Towards a contemplative Christian faith and model of spiritual formation which acknowledges and circumvents the logical problems and moral hazards associated with the teaching of biblical inerrancy and eternal conscious torment:
- We are of two minds: 1) The Empirical/Dualistic Mind, on the one hand, and 2) Transcendental/Nondual Awareness, on the other.
- Within the confines of the empirical/dualistic mind, a conventional, egoic identity develops through which we experience life in alienation from God (SEPARATION/SIN/DEATH).
- Transcending the confines of our conventional, egoic identity, however, we “put on Christ” and are reconciled to God in transcendental/nondual awareness (UNION/LOVE/LIFE).
While the empirical/dualistic/egoic mind rules our lives, we live in alienation from the true meaning and purpose of our existence. This is referred to traditionally as “the fall of man” and is attributed to our first parents (cf. Romans 5:12; I Corinthians 15:22 ). The mind of fallen humanity is referred to in the Christian scriptures as “the carnal mind” or “the mind of the flesh” (cf. Romans 8:5-7).
Our empirical/dualistic minds represent the world “horizontally”–slicing and dicing it into spatiotemporal pieces that appear to relate to one another causally/deterministically. This seems to give us (as “separate selves”) some measure of knowledge and control over our environment– so far, so good –but approaching the world exclusively in this way (SEPARATION), we live our lives in fear of death and in bondage to sin as we endeavor to evade our inevitable destruction (or somehow anesthetize ourselves to it) rather than facing it lucidly and soberly. As such, we live in ignorance of our truth and being in Christ (UNION), the knowledge of which constitutes the true meaning and purpose of our existence which, alone, can liberate us from the bondage of sin and death as we, by grace, discover ourselves to be reconciled to God, to one another, and to the rest of creation (cf. II Corinthians 5:16-19).
Having “eaten of the tree of (dualistic) knowledge”, therefore, we can (in some respects) understand the “horizontal” relationships that obtain in time and space (“the cause IN appearances“, as Kant puts it). But so doing, we tend to be oblivious to “the cause OF appearances” which can only be apprehended “vertically” (i.e. spiritually—cf. I Corinthians 2:14). To repeat, our empirical/dualistic understanding gives us no access to our transcendental/nondual “ground” (i.e. the Divine intelligence, Logos, or mind of Christ).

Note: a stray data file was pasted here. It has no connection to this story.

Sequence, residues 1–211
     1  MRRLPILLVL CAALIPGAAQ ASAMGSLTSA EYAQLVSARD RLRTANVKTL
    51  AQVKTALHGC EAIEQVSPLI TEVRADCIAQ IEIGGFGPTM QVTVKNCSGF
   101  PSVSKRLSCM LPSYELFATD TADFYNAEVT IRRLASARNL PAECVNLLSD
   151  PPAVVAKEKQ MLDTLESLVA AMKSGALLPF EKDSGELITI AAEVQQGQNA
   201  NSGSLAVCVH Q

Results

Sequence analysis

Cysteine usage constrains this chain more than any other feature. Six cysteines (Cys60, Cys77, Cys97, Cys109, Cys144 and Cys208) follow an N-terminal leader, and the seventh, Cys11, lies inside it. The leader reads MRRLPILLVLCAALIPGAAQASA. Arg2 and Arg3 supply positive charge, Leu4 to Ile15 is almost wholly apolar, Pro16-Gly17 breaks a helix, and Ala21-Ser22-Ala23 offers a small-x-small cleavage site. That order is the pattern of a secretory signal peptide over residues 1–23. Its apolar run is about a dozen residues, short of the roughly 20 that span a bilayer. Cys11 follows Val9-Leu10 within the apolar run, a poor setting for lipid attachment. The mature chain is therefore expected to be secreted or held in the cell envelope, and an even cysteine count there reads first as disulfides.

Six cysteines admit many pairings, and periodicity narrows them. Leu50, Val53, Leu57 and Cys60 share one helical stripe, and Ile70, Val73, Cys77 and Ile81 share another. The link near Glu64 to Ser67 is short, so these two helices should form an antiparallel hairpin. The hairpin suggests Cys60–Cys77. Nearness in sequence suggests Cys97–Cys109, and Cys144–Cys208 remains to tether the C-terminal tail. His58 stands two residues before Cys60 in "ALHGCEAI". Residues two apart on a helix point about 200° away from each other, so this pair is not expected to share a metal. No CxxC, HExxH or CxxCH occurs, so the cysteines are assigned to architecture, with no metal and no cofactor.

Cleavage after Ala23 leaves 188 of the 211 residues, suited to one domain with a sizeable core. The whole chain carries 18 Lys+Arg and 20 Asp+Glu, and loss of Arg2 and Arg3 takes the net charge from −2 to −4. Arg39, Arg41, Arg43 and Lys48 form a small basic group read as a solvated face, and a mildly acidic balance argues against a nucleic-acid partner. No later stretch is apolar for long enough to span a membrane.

Nevertheless, these two aspects of reality—the “horizontal” (empirical) and the “vertical” (transcendental) –constitute an integral whole that is, Christ-like, both human and Divine. Recognizing and honoring both aspects of our lives, we can, on the one hand, trace our natural history and genealogy empirically (“that which is born of the flesh is flesh”), while at the same time realizing our intimate relationship to God transcendentally (“that which is born of the Spirit is Spirit”). “Do not marvel that I said to you, ‘You must be born again.’ ” (John 3:7).
Living in ignorance of the vertical aspect of our lives, however, our world seems out of joint, our lives absurd, and all our efforts ultimately in vain. The good news, however, is that the kingdom of heaven is within us, among us—at hand:
Luke 17:20 Now when He was asked by the Pharisees when the kingdom of God would come, He answered them and said, “The kingdom of God does not come with observation; 21 nor will they say, ‘See here!’ or ‘See there!’ For indeed, the kingdom of God is within you.”
“His disciples said to him: On what day will the kingdom come? It will not come while people watch for it; they will not say: Look, here it is, or: Look, there it is; but the kingdom of the father is spread out over the earth, and men do not see it” (Gospel of Thomas 113).
With this in mind, then—and as illustrated by the arrangement of images on the next page —let us take up our cross (Le Pendu), open our hearts to the abundant life of the Spirit (The Aces of Chalices and Batons), become like little children (Le Soleil), and enter into the kingdom NOW (Le Monde).
“The Now is no mere nodal point between the past and the future. It is the seat and region of the Divine Presence itself…. The Now contains all that is needed for the absolute satisfaction of our deepest cravings…. In the Now we are at home at last” (Thomas Kelly, “A Testament of Devotion”).
[Editor’s Note: Click here for a “key” to the arrangement of images, below…]